The audience at Isthmus' annual Green Day event was disappointed when Chicago chef Rick Bayless politely declined pleas to bring his renowned Mexican cuisine to Madison. (You can't blame us for trying.) Fortunately, we now have Bayless by proxy. Three alums of Bayless' Frontera Grill opened Cilantro Bar and Grill in late May on Tree Lane on Madison's far west side. Though the modest mini-mall faade doesn't show it, inside the dining room is some of the most exciting Mexican cooking happening in Madison restaurants.
I was excited to visit Cilantro for a number of reasons, chief among them that I'm a big Bayless fan and I wanted to see what his protégés could do. Another reason was my dining companions. I brought the pickiest eater I know, as well as a companion who is a native of Chiapas, Mexico. Just walking in the door, we had already set a high bar for the Cilantro kitchen, though they didn't know it.
The Cilantro dining room is bright and casual, with plenty of space between tables and booths. You might want to grab a mango-cilantro margarita as soon as you walk in. We started our meal with the plato de bocadillos, a beautifully plated assortment of five classic Mexican appetizers. It was a bit hard to keep track of things, as we descended on the plate like crazed vultures, but the flauta de pollo, a crispy corn tortilla "flute" filled with chicken, and the tinga de res, a corn tostada topped with shredded chipotle beef, were my favorites. We also tried the sopa de cilantro y calabaza, a warm, creamy, lovely light green zucchini soup. The diner from Chiapas pronounced it both excellent and authentic, and I agreed.
One notable difference between Cilantro and other Mexican restaurants in town is its high-impact presentation. Rather than the standard plate of sauce-drenched enchiladas, rice and beans, Cilantro delivers an impeccable, aesthetically precise plate. A spoonful of guacamole rests on a square of banana leaf; an imposing pyramid of white rice overlooks a dark pool of mole sprinkled just so with sesame seeds. The effect is exciting and energizing.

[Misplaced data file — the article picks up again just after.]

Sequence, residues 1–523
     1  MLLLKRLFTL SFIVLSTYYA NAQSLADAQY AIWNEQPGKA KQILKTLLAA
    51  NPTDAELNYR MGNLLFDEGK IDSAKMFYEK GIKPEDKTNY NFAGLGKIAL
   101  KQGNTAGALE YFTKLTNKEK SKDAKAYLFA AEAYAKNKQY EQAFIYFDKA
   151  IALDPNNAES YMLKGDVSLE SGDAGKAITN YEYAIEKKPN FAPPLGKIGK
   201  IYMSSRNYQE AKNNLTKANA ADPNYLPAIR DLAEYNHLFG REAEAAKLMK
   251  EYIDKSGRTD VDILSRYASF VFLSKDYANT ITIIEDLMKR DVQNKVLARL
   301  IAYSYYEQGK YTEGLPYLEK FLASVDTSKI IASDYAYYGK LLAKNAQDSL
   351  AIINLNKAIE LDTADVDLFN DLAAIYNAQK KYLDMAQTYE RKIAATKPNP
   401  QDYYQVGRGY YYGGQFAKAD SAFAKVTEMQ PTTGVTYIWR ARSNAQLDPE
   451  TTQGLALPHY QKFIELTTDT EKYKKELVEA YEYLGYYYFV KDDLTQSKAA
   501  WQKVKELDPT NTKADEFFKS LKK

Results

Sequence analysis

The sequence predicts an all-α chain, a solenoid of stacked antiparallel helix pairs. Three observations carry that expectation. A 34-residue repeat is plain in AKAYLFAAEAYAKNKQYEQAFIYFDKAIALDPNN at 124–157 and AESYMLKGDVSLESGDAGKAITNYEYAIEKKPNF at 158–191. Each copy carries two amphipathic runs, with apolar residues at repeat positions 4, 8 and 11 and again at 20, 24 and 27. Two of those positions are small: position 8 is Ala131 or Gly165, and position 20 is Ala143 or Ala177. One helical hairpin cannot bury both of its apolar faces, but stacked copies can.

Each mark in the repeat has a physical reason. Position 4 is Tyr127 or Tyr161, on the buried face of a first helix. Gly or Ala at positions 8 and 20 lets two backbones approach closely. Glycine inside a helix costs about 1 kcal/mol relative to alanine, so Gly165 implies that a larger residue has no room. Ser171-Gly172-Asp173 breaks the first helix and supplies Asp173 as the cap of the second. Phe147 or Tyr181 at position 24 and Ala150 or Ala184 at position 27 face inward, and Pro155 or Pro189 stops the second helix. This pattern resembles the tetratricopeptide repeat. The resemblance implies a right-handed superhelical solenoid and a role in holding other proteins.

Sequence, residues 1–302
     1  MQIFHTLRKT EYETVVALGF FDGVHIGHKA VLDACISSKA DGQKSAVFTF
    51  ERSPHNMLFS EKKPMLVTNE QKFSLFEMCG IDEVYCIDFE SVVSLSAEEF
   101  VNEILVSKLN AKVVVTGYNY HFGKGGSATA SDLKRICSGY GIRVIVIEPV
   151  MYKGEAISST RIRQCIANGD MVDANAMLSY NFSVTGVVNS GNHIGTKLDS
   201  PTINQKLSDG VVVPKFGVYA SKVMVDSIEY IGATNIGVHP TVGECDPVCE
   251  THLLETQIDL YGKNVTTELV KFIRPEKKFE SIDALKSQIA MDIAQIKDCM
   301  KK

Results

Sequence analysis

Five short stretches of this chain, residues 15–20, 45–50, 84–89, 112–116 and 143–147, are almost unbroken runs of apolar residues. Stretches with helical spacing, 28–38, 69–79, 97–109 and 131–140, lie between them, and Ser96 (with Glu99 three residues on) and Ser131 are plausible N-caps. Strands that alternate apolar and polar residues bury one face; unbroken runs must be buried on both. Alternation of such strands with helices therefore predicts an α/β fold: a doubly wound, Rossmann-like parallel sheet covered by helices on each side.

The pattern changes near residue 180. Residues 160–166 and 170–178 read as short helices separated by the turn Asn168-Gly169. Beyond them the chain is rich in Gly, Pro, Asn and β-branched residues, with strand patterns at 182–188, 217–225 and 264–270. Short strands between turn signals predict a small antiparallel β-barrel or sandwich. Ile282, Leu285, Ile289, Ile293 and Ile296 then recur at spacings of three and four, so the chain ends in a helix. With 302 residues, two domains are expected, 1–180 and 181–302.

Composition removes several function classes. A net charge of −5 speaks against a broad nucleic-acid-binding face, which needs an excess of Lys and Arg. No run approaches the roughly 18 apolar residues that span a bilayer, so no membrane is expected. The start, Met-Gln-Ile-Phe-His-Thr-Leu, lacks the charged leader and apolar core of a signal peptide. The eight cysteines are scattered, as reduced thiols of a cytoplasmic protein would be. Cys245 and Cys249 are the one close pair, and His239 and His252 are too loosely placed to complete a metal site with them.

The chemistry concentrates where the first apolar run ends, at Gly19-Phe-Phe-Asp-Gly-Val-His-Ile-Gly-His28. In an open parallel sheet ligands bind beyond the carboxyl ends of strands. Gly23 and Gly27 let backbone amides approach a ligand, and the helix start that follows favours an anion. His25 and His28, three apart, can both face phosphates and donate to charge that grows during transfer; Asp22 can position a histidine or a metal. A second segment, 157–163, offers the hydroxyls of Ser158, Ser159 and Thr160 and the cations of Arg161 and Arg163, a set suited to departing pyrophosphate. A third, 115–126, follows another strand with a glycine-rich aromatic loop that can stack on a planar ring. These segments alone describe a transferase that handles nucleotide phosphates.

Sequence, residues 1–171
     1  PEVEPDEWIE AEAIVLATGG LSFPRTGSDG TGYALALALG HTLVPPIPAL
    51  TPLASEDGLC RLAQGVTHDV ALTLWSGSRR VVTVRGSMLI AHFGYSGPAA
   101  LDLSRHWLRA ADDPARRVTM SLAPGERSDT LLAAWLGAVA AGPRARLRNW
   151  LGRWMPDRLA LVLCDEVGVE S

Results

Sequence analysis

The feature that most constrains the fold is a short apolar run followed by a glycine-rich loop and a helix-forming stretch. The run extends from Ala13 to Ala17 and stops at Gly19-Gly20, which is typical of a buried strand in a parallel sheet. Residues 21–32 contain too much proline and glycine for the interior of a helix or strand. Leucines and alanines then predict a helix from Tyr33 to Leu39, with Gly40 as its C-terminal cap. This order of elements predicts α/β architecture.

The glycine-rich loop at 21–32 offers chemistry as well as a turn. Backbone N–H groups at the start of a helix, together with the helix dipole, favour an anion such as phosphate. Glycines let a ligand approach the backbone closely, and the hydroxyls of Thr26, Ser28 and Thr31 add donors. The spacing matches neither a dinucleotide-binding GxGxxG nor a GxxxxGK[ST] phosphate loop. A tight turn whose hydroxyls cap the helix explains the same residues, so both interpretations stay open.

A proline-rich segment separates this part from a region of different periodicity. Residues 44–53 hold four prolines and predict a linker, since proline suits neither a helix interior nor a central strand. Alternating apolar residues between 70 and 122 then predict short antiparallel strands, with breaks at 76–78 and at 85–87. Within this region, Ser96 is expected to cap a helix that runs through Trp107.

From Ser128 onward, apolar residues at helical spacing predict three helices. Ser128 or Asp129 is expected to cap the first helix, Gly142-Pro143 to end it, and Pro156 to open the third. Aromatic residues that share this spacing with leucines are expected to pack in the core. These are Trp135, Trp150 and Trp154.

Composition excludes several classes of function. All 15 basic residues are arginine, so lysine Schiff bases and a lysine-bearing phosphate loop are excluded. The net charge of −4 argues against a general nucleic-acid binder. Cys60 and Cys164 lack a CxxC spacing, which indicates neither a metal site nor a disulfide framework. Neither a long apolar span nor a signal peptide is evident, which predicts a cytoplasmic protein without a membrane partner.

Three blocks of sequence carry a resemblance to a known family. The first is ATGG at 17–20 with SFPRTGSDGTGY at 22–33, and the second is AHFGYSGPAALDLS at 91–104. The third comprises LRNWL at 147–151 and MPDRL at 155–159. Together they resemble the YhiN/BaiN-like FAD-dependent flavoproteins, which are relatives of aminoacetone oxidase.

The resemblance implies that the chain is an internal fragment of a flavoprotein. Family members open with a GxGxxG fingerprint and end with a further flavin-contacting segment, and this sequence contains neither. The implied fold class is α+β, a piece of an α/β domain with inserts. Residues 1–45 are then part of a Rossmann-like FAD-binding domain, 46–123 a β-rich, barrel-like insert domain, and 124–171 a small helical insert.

Our entrees ranged from average to excellent. My fish enchiladas in green mole, a thick sauce, were tasty but simple, as were the vegetarian enchiladas in cilantro cream, though the vegetables were a little underdone. Chicken enchiladas in black mole provoked many intrigued, contemplative tastes from us all. Mole negro is a famously complicated sauce, requiring many steps and sometimes dozens of ingredients, creating a sauce that is intense and dark in both color and flavor.
We encountered a misstep when the puerco de manchamanteles (pork tenderloin "in a sauce that leaves spots on the tablecloth") ordered by my picky companion came not in its own fruity sauce but in the mole negro. Armando Cristobal, one of the owners, was summoned by our server. When informed of the mix-up, Cristobal got a stern look on his face that made it clear these kinds of mistakes were not to be tolerated. He apologized and graciously brought a new entrée with the correct sauce. Mr. Picky Eater was unfazed, having enjoyed both sauces as well as the quick attention to correcting the mistake.
My favorite Cilantro dish so far, though, is one I had on another visit at lunchtime - a simple plate of pork tacos al pastor. The corn tortillas, wonderfully earthy and aromatic, were a perfect foil for the moist, flavorful pork.
Desserts shouldn't be an afterthought. The pastel tres leches, ivory cake deliciously drenched in sweet milk, was wonderful. The one that I'll go back for, though, was the caramel flan. It's less jiggly and liquidy than some flan, more like the firm, cheesecakey queso de nápoles that my Chiapan companion fondly recalled her father making in a caramel-lined can. The point is, go. It's amazing.
It's a great thing to walk into a restaurant and feel safe enough, in a knowledgeable chef's hands, to be adventurous. Those who want to explore Mexican flavors - and those who are already deeply in love with them - will find that at Cilantro.